Science

Smart Clothes Can Change Colour In The Not-too-distant Future

Written By Tech Desk | Mumbai | Published:

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  • Scientists have designed threads that change colour when they recognise different types of gases
  • Scientists want to filter out toxic chemicals off your clothes

Scientists want to filter out toxic chemicals off your clothes. Scientists have designed threads that change colour when they recognise different types of gases, an advance that could help create smart materials to sniff out toxic chemicals.

Tufts University researchers showed that the threads could be read visually, or even more accurately by using a smartphone camera. This way, they can detect differences in colour due to analytes as low as 50 parts per million.

Formed into clothing, smart, gas-detecting threads could produce a reusable, washable, and affordable safety asset in medical, workplace, military and rescue environments, according to researchers.

The study illustrates the design method and its capacity to spread to a broad range of colours and exposure to complicated gas mixtures.

While not replacing the accuracy of electronic devices generally used to recognise volatile gases, the inclusion of gas detection into textiles allows an equipment-free readout, without the need for specialised training, researchers said in a statement.

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It could make the technology available to a general workforce or low resource communities that can benefit from the information the textiles provide.

The study used a manganese-based colour, MnTPP, methyl red and bromothymol blue to demonstrate the concept. MnTPP and bromothymol blue can recognise ammonia while methyl red can recognise hydrogen chloride commonly released from cleaning supplies, fertiliser and chemical and materials production. 

A three-step process "traps" the colour in the thread. The thread is first dropped in the colour, then treated with acetic acid, which makes the surface rougher and swells the fibre, probably providing more binding interactions between the colour and thread.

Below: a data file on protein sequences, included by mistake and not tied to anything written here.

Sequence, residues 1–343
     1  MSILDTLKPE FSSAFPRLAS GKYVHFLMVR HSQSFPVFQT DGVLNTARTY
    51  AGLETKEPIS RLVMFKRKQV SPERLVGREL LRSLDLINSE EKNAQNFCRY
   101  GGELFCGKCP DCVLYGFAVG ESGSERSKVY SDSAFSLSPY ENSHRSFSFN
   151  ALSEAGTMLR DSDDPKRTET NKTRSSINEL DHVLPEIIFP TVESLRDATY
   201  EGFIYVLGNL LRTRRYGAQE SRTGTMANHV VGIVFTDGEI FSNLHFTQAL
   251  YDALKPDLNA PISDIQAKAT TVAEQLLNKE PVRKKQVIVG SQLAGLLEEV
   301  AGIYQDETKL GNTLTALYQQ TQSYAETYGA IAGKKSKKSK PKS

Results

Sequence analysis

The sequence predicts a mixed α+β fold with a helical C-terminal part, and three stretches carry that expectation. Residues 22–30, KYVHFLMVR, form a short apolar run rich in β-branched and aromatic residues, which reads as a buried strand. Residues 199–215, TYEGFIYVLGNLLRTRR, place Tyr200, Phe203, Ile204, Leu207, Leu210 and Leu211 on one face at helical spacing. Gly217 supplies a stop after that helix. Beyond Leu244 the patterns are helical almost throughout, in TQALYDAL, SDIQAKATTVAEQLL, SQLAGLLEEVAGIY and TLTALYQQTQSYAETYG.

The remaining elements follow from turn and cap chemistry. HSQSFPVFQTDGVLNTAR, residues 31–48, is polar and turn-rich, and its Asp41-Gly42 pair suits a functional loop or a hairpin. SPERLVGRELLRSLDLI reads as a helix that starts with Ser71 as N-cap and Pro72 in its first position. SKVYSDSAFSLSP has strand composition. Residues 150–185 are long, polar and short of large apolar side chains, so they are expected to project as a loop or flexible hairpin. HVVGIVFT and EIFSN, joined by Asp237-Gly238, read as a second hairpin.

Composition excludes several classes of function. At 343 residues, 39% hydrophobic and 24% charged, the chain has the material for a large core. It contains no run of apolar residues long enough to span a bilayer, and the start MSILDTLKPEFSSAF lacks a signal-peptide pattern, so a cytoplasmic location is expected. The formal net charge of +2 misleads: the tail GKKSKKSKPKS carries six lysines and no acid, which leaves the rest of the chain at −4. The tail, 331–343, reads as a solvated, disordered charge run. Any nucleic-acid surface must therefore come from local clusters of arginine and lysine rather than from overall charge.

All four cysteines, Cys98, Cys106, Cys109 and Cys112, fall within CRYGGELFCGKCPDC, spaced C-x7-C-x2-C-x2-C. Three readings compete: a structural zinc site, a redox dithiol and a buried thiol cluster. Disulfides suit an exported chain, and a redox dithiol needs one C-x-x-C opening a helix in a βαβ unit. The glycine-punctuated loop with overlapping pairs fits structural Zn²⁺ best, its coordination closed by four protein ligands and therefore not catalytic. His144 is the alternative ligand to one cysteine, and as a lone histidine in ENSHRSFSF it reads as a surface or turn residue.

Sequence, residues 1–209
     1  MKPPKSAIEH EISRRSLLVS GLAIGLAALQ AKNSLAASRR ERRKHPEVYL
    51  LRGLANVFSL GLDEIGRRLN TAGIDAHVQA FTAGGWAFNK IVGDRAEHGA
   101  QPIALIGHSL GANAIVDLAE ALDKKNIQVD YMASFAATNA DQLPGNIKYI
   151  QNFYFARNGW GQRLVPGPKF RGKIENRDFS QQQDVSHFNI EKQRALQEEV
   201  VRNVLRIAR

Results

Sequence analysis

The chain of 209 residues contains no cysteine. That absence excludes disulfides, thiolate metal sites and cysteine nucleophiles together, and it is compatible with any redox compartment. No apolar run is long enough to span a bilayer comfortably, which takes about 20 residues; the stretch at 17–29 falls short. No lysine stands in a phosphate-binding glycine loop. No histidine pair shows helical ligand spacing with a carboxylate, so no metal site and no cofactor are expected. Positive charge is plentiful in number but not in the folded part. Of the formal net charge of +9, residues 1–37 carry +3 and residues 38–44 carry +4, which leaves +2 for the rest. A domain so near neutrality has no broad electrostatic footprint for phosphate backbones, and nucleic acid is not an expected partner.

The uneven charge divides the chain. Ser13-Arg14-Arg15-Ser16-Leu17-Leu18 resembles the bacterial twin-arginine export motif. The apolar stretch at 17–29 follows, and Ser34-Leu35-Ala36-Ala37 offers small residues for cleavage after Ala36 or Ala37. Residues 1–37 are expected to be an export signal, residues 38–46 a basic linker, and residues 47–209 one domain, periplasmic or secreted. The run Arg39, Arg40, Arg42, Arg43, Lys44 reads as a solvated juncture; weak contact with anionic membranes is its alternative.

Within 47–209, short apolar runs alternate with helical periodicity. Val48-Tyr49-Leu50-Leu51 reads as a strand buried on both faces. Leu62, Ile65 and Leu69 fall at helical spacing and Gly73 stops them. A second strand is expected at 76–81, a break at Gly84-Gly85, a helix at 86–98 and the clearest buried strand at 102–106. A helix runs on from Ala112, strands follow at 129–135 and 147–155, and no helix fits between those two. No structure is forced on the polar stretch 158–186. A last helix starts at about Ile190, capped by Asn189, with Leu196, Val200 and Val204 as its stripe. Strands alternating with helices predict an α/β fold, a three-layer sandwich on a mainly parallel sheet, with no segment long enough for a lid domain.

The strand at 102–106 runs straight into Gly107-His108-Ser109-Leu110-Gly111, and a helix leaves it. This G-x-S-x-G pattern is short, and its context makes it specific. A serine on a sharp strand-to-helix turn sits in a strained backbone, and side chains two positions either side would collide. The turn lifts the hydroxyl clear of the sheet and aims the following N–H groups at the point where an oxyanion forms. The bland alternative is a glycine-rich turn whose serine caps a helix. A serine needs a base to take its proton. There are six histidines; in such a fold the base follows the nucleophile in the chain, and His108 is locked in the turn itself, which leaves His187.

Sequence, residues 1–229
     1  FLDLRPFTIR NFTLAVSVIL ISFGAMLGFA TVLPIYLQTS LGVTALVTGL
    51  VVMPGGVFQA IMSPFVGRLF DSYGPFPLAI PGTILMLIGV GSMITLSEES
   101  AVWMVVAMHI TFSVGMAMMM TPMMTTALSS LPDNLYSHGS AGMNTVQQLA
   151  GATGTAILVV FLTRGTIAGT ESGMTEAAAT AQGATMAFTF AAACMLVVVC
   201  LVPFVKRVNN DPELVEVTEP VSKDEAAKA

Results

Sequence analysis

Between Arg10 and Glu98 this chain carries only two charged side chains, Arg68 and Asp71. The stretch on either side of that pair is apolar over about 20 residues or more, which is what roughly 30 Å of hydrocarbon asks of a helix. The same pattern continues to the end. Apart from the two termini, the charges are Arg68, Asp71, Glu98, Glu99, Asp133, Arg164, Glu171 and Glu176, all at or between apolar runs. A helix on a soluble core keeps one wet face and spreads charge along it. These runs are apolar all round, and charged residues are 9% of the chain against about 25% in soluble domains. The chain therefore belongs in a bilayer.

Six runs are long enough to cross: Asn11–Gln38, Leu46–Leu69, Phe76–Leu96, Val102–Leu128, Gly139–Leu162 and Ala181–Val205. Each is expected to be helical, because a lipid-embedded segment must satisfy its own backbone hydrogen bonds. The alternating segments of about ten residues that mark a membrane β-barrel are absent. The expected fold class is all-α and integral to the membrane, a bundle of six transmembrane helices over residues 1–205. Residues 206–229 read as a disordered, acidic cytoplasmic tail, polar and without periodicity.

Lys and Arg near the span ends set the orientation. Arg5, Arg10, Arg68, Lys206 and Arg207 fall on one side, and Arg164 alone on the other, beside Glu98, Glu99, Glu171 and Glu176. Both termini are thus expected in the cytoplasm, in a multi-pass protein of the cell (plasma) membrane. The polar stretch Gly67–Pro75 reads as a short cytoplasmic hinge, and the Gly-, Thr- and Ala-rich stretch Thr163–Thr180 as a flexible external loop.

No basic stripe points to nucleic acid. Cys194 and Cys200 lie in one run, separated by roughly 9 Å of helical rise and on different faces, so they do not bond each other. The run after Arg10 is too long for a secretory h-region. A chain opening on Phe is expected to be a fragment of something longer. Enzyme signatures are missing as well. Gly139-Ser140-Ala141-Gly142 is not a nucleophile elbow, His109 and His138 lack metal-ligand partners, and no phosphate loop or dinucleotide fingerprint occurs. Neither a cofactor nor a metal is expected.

At the end, the thread is treated with polydimethylsiloxane (PDMS), which produces a flexible, physical seal around the thread and colour, which also deflects water and bars colour from leaching during washing. PDMS is gas permeable, enabling analytes to reach the optical colours.

"The dyes we used work in different ways, so we can detect gases with different chemistries," said Sameer Sonkusale, a professor at Tufts University.

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The team used simple colours that recognise gases with acid or base properties. 

"But since we are using a method that effectively traps the dye to the thread, rather than relying so much on binding chemistry, we have more flexibility to use dyes with a wide range of functional chemistries to detect different types of gases," Sonkusale said.

The tested colours changed in a way that is dependent and equivalent to the concentration of the gas as measured using spectroscopic techniques. 

In between the accuracy of a spectrometer and the human eye is the probability of using smartphones to read out and quantify the colour differences or understand signatures using multiple threads and colours. 

"That would allow us to scale up the detection to measure many analytes at once, or to distinguish analytes with unique colourimetric signatures," said Sonkusale.

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